The ‘Hole’ Story: My Two Months of Hell in the Taipei Detention Center
Read Part One here.
So there I was in Sanxia… It was Christmas Eve, December 24th. We arrived there around 8 pm. There was a crew of police officers in different uniforms, more serious, cold and analytical. There were female police officers, too. They had yellow envelopes for each of us. They took any valuable possession and put that into the envelopes — money, phone, rings, piercings, absolutely everything that costs money. We were asked if we want to claim something important, or say something that maybe they needed to know.
I had nothing. No phone, 200nt (about US$8). They took off all my piercings, my toe ring and sealed the envelope. They searched my bag and took away my medicine, painkillers, two sleeping pills and my migraine meds.
“We’ll consult a doctor if you can have this. Next.” They took a photo of each person and made a prison ID for us. Every person had a number. I was 3992. That number was our name inside. We were numbers, not people. They made us wear our ID at all times and there was a punishment or yelling each time somebody would misplace it, or god forbid lose it. Washing toilets, cleaning beds, serving food, no phone calls for a week, no visit — those were the punishments. Everybody made sure our ID was always hanging around our neck (it was a small plastic nametag with picture inside and a very thin string).
After we got the ID we lined up and got taken to a physical check. The women who were doing that told us to take off our clothes, get naked, or in our underwear, touching, looking, shouting, rushing us like cattle, like we were sheep. I hated them at that moment, and I lost my temper, telling one of the guards “Yeah… You like that don’t you. Here. I have nice tits. Grab them, they’re much better than yours!” ha ha ha I liked pushing their buttons later on. Some of the guards were rude and disrespectful to all, the others, I can’t complain. Nice, very nice, funny, human.
I will remember those women. Some of them really made my stay there easier. I can’t lie. They spoke to me when I was sad or lonely, made sure I get my medicine (if I needed it), tried to make me eat more in a nice way, gave me things other guards wouldn’t. Some of them really wanted me out and safe, home. Each day they reminded me to be strong, that soon I was going to be out and be happy again. I am thankful to three of them. The rest of them were BITCHES, major biyatches I loathed!
We were all tested for pregnancy, x-rayed for TBC, gave blood etc. There was a doctor who was there 3 times a week, but nothing in that place was free. The doctor, the toothbrush, toothpaste, socks, tissues –everything cost money at Sanxia. Most of the women spend their money on phone cards. Me too. Talking 10 minutes on the phone was the sane time, time for tears, time for joy, time for hope. Phone calls… ahhh the voice on the other side meant so much, reassuring you, loving you, giving you news. Any kind of news was better than none.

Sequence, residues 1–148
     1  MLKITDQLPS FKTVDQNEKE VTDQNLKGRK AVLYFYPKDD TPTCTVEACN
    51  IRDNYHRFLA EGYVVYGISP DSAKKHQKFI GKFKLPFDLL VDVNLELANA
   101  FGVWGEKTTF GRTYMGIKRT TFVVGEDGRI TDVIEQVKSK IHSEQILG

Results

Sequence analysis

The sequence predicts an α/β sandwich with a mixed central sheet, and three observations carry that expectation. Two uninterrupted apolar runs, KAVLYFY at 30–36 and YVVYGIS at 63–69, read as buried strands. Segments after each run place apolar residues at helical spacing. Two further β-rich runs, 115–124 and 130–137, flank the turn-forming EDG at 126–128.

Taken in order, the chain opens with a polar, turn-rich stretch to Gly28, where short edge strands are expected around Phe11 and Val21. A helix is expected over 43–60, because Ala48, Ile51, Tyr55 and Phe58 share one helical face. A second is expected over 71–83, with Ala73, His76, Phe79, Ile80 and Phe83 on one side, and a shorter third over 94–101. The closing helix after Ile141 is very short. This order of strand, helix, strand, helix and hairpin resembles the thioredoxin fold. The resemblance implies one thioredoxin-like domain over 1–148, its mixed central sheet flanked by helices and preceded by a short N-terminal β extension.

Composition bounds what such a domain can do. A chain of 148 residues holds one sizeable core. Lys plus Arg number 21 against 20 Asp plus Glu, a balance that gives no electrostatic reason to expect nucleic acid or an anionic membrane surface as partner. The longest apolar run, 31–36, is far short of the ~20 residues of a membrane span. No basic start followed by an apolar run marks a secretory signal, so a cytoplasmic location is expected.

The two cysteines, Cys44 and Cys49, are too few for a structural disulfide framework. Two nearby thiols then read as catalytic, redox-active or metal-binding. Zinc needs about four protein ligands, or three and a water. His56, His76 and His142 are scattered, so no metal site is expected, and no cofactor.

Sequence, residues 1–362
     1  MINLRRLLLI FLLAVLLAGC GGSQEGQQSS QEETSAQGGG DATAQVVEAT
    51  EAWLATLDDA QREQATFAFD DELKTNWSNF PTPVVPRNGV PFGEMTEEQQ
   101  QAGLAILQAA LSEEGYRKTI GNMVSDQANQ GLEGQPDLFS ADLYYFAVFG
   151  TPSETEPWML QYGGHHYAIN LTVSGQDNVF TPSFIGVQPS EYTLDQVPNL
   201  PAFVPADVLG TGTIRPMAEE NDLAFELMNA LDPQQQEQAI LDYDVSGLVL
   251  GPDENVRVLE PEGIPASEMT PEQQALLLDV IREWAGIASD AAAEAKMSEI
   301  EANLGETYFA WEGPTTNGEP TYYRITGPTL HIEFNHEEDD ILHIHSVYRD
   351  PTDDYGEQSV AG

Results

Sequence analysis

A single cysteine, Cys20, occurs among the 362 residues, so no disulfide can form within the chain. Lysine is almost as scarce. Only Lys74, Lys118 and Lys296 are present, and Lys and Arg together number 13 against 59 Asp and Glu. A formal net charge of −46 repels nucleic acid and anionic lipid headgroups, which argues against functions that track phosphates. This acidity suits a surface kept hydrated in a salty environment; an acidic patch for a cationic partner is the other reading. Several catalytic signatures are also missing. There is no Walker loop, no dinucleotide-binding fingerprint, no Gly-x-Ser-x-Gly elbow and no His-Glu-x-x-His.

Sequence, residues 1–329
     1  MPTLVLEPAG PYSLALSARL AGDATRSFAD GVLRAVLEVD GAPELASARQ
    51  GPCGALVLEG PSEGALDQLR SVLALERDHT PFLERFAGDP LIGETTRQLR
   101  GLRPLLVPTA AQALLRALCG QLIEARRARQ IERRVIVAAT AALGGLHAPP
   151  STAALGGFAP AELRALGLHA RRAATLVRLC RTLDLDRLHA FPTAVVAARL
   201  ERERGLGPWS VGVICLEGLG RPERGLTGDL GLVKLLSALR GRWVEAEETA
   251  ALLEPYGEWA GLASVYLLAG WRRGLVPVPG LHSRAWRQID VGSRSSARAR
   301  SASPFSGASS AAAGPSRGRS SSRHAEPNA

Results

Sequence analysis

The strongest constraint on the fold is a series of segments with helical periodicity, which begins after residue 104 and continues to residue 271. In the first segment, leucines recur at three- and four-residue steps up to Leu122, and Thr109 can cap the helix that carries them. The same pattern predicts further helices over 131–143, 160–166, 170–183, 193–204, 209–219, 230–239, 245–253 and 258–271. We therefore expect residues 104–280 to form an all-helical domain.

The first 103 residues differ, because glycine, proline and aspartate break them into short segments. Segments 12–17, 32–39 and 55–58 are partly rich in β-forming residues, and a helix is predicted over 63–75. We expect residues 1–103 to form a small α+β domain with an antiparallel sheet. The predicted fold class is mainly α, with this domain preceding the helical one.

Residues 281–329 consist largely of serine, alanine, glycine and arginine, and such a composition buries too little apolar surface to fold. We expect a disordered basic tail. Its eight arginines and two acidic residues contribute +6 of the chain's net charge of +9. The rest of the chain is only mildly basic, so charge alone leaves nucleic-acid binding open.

There was a lot of arguing and fighting inside because of the phone cards or the calling time. Girls were going nuts if someone talked more than 10 minutes or someone cut the line. It was insane.
The first 5 days when you enter Sanxia, you’re not allowed to talk to the others, cry or leave the isolation corner. There was a cage inside — a cage. Ha! Yes! The isolation corner. So there I was inside the isolation cage for Christmas and New Year. Wicked! Imagine spending two holidays you usually spend laughing with friends, family, boozing, smoking, dancing… Well, this time you can’t! You must sit on a floor, dressed in an orange and neon green jumpsuit, hungry because the food is crap, and not allowed to talk or walk! That was some major BS. I walked anyway. I left the corner and went to the bathroom a lot, just so I could stretch my legs or not go crazy.
I was the only “white face” inside. There were groups of women – from the Philippines, China, Vietnam and Thailand. No Americans, no Canadians, no Europeans, no Aussies, no Kiwis. Nope. Just me! Alone… And everybody else in groups. Eating in groups, showering in groups, making phone calls or playing cards in groups. The Filipinas got very close with me and took me under their wing. The Vietnamese women were bitchy and very selfish, always causing fights and noise. The Chinese or Thai were the snappy ones. You never know what they would do next. The Filipinas were gossiping, dancing and sharing. I didn’t like the gossip, but I did feel like they were the most comfortable to be around.
There was a list of their countries on one board and a time they can make a phone call each day. There was no ‘Europe’ or any other country written on the board so they kind of screwed around at the beginning, always telling me I couldn’t make a phone call because it’s not my time — that it’s theirs. I literally lost my shit one day because of this and nearly smacked one Chinese woman in the face with the phone receiver because she was not letting me dial. All the Filipinos started yelling at China and Vietnam, defending me, all the noise, and the mess… ay yay yai! Drama! Chaos… Every day… Every single day was drama and cheesy karaoke shit! Finally the boss of the guards entered, told me very politely to calm down, told everybody something very fast in Chinese and yelled at them.
Finally she said it in English: “From today, 6612 can call home or her loved ones whenever she wants, is that clear?” She looked at me and told me, “No more than 10 minutes M—. ” I was so happy, she said my name. My name. Not the number, but my name. And she defended me. It was a big step forward in that accursed place. From that day on that woman and 2 other guards helped me and took care of me in a way.
Read Part 3.